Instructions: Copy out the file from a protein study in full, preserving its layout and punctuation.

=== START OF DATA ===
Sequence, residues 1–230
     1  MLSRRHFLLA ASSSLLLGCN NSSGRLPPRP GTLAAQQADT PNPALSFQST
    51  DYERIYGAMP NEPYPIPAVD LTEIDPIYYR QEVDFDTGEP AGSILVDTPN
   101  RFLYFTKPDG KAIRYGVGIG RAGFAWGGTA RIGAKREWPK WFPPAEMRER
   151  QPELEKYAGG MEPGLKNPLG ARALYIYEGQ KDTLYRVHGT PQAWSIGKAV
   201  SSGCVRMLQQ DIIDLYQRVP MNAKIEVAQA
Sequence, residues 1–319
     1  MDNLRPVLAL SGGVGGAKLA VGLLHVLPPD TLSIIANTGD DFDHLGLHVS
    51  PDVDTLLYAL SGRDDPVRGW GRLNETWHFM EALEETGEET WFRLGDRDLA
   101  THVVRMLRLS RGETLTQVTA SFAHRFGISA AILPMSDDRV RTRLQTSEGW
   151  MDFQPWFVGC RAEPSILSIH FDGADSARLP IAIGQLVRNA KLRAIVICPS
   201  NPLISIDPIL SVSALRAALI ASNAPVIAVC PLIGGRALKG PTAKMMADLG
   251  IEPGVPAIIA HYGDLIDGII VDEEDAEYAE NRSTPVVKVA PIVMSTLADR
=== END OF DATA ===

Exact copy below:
Sequence, residues 1–230
     1  MLSRRHFLLA ASSSLLLGCN NSSGRLPPRP GTLAAQQADT PNPALSFQST
    51  DYERIYGAMP NEPYPIPAVD LTEIDPIYYR QEVDFDTGEP AGSILVDTPN
   101  RFLYFTKPDG KAIRYGVGIG RAGFAWGGTA RIGAKREWPK WFPPAEMRER
   151  QPELEKYAGG MEPGLKNPLG ARALYIYEGQ KDTLYRVHGT PQAWSIGKAV
   201  SSGCVRMLQQ DIIDLYQRVP MNAKIEVAQA
Sequence, residues 1–319
     1  MDNLRPVLAL SGGVGGAKLA VGLLHVLPPD TLSIIANTGD DFDHLGLHVS
    51  PDVDTLLYAL SGRDDPVRGW GRLNETWHFM EALEETGEET WFRLGDRDLA
   101  THVVRMLRLS RGETLTQVTA SFAHRFGISA AILPMSDDRV RTRLQTSEGW
   151  MDFQPWFVGC RAEPSILSIH FDGADSARLP IAIGQLVRNA KLRAIVICPS
   201  NPLISIDPIL SVSALRAALI ASNAPVIAVC PLIGGRALKG PTAKMMADLG
   251  IEPGVPAIIA HYGDLIDGII VDEEDAEYAE NRSTPVVKVA PIVMSTLADR